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cross-border lessons on water and sanitation
" The first International Learning Exchange in Water, Sanitation and Hygiene (ILEX) organized by UNICEF concluded in New Delhi on 23 November, 2006. More than 45 participants from seven countries – Chin "

The first International Learning Exchange in Water, Sanitation and Hygiene (ILEX) organized by UNICEF concluded in New Delhi on 23 November, 2006. More than 45 participants from seven countries – China, Nepal, Pakistan, Sudan, Eritrea, Burkina Faso and Iraq – took part in the programme that was launched to “to give an opportunity to different countries to see what is happening in India and get feedback from specialists”, according to UNICEF’s Chief of Water and Environmental Sanitation, Lizette Burgers.

The participants, who spent 9 days in the field in three modules, shared a rich variety of experiences. All of them were professionals from the fields of water supply and sanitation in their respective countries. While some were UNICEF staff, others came from UNICEF partner organizations and government.

UNICEF Deputy Director in India, Ann Hasselbalch, said ILEX has demonstrated that hygiene is not an end in itself but an agent for improving the overall environment. This is created through partnerships and the participation of schools and children. “Children are the agents of change.”

The Learning Exchange will be useful in achieving the Millennium Development Goal in Water and Sanitation and by being part of the process, the participants demonstrated their commitment to achieving these. It has also created a network that will help the participants in the future.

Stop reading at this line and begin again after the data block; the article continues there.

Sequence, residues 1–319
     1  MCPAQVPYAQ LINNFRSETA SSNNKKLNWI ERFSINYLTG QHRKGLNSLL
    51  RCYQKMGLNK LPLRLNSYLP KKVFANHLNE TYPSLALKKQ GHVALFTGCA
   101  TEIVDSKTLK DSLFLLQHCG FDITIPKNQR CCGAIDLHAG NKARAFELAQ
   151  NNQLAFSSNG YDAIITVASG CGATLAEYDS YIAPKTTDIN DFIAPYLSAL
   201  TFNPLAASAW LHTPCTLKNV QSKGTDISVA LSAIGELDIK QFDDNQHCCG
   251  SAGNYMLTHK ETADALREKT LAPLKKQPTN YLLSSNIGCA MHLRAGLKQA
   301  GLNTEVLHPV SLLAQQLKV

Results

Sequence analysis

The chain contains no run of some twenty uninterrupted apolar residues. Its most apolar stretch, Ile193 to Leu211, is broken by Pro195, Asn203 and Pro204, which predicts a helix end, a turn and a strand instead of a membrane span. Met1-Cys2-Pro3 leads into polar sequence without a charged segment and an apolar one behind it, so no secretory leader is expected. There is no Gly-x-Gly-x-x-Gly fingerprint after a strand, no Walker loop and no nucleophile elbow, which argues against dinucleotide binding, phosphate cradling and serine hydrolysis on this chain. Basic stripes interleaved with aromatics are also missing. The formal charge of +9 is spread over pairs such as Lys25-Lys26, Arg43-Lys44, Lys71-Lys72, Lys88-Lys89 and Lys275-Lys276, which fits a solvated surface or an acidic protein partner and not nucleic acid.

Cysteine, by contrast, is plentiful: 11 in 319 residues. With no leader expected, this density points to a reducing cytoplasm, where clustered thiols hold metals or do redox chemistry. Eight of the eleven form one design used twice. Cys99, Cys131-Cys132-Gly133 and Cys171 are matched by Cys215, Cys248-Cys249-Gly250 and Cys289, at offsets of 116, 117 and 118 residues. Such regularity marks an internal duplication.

The participants were divided into three groups, Module B, C and D. Module B was further divided into China (B2) and the Rest of the World (B1). Module B travelled to Tamil Nadu and Karnataka, C to West Bengal and Maharashtra and D, to Madhya Pradesh and Tamil Nadu.

Participants from all modules listed the high political commitment as one of the key lessons from ILEX. The other main points they gleaned during their intensive field visits was the use of local IEC material and campaigns that preceded the physical sanitation drive. This helped create a demand-driven decentralised programme, compared to the earlier model that was centrally-driven and supply-centric. Incentives and subsidies smartly applied were other powerful drivers. “An effective monitoring mechanism; time bounds, specific tools, at all levels is another key learning for us,” said Associate Professor, School of Foreign Language, Peking University, China, Jiang Jingkui.

The main replicable features, the participants reported, included synergy between Water and Environmental Sanitation (WES) and education, advocacy, IEC, developing a cadre of motivators and the involvement of local community leaders. “Eco-sanitation is a concept that we can implement in Nepal,” said Deputy Director General, Department of Water Supply and Sewerage, Nepal, Vishwa Mani Jnawali.

Project Officer, WES, UNICEF Burkina Faso, Togola Soungalo felt schools are a good entry point sanitation, health. UNICEF supports technical and strategy development for NGOs. The government and partners need a common goal to raise sanitation awareness and coverage.